Generative and conversational AI seem to be taking over the world. The former entails generating images and text with keyword inputs… with results that are sometimes impressive, sometimes funny, and sometimes creepy. And the latter is all about AI-generated dialogues… with similar results.
One vertical that has been able to integrate voice into customer service in a meaningful way is retail. National retailers like Best Buy, Walmart, and REI Co-op have created skills or teamed up with technology providers to connect with customers through voice-controlled assistants. Some retailers are accepting orders via voice, and others are doling out product information and reviews. What the most successful of these companies have in common is a defined strategy and plans to measure ROI.
More than 70% of US consumers polled in a survey commissioned by business messaging platform Quiq had engaged with businesses via text messaging or online chat two or more times in the previous month.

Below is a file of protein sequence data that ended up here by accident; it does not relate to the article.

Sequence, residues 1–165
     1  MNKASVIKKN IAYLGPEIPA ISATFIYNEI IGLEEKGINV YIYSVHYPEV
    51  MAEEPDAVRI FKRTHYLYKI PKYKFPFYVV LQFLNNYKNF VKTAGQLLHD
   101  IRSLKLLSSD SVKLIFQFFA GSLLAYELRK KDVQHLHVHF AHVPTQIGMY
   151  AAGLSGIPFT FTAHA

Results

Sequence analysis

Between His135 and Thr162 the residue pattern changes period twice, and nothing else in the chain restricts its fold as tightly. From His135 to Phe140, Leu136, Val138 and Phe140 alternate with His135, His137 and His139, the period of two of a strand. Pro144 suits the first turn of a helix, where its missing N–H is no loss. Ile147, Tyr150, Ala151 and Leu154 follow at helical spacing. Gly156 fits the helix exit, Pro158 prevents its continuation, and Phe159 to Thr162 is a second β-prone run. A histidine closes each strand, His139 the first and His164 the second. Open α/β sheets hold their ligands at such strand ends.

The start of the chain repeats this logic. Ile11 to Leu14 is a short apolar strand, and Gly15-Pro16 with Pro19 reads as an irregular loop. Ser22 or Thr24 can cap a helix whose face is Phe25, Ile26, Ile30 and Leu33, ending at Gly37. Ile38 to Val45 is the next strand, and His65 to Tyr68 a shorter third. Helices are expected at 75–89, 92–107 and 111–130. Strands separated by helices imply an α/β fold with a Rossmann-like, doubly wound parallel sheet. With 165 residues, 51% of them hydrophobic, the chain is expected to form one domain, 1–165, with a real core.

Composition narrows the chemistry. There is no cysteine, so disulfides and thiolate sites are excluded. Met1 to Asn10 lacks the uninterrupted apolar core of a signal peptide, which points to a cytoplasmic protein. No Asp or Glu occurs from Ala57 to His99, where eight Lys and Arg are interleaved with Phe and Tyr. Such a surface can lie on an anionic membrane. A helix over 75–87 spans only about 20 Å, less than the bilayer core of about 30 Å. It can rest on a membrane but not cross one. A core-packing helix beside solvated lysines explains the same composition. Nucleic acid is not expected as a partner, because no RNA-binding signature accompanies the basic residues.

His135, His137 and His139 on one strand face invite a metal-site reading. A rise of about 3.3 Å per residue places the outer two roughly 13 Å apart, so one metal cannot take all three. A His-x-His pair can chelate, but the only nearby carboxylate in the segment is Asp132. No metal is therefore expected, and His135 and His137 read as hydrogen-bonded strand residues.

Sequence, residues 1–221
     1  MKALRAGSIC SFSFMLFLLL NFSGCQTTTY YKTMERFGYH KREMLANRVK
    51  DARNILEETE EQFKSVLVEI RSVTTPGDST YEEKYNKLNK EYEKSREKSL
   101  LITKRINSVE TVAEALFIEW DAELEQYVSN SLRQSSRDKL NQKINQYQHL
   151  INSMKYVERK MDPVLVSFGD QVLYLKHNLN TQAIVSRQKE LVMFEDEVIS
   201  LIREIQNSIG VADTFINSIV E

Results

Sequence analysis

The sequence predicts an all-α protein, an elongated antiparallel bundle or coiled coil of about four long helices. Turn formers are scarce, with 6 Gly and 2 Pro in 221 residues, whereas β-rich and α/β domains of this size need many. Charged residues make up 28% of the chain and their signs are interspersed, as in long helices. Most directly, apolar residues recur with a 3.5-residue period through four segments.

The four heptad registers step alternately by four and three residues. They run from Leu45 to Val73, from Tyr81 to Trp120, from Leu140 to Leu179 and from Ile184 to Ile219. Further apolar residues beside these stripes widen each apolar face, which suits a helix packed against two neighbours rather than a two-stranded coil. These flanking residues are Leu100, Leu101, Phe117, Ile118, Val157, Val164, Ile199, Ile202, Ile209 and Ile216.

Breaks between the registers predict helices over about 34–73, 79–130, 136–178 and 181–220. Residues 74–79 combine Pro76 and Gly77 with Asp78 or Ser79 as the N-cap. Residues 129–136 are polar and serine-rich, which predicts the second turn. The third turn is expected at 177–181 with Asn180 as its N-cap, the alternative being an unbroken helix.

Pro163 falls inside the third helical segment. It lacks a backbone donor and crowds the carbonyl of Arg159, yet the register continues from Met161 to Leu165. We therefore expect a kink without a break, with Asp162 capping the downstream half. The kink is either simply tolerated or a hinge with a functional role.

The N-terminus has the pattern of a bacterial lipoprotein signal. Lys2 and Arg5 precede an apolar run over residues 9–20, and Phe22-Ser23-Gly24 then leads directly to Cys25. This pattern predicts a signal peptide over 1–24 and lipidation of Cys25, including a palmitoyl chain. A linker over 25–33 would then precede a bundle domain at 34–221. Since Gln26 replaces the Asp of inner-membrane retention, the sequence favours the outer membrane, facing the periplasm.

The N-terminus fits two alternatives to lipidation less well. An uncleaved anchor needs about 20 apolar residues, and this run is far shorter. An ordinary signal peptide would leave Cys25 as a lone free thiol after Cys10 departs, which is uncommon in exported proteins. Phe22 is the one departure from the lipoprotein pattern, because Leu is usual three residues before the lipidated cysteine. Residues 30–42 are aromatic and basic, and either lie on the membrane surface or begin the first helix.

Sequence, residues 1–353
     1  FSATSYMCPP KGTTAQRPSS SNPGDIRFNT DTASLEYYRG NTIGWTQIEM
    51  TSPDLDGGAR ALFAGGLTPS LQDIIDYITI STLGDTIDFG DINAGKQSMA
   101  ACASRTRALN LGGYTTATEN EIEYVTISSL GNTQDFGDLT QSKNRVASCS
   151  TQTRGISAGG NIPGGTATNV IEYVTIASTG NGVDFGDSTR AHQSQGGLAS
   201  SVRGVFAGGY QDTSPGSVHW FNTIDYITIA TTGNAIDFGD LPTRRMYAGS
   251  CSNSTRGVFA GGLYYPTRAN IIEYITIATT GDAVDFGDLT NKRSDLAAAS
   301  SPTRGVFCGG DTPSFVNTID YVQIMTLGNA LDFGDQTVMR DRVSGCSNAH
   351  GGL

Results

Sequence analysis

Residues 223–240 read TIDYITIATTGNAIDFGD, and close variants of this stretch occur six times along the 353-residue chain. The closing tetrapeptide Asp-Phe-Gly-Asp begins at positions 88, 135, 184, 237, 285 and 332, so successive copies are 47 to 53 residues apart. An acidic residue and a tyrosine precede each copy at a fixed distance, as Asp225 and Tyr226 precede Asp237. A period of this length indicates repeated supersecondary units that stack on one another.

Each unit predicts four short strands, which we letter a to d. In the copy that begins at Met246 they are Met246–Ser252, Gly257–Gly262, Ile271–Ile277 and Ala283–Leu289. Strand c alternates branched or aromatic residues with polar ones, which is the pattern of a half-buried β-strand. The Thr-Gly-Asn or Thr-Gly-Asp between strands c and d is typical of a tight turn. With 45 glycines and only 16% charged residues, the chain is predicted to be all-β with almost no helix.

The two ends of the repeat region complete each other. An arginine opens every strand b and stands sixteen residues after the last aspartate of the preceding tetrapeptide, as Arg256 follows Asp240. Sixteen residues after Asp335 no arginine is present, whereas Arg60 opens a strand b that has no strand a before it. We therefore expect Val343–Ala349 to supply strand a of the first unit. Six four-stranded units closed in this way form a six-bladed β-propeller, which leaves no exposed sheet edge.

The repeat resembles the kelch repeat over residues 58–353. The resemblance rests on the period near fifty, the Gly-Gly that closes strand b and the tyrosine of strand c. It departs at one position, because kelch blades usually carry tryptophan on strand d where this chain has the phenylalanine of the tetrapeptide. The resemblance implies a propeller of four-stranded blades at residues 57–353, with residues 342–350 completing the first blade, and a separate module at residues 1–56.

That should be a signal to businesses that email and phone are no longer sufficient; messaging will be key to survival for consumer-facing businesses of the future.
More than half of consumers are frustrated by customer-service situations in which they can only interact with automated agents, and nearly one in five even reporting feeling angry in those situations. That’s per a new survey of U.S. consumers conducted by The Harris Poll and commissioned by call tracking and analytics firm Invoca.
Seventy-six percent of consumers are already receiving texts from businesses, and a majority of consumers across all age groups would prefer that more businesses take up texting as a mode of communication, a new report from business text messaging platform ZipWhip indicates.
A whopping 83% of Gen-Z respondents and 82% of millennials said they “wish more businesses” would use texting. Even for older generations, that number made up a more than slight majority, including 76% of Gen-Xers and 64% of Baby Boomers.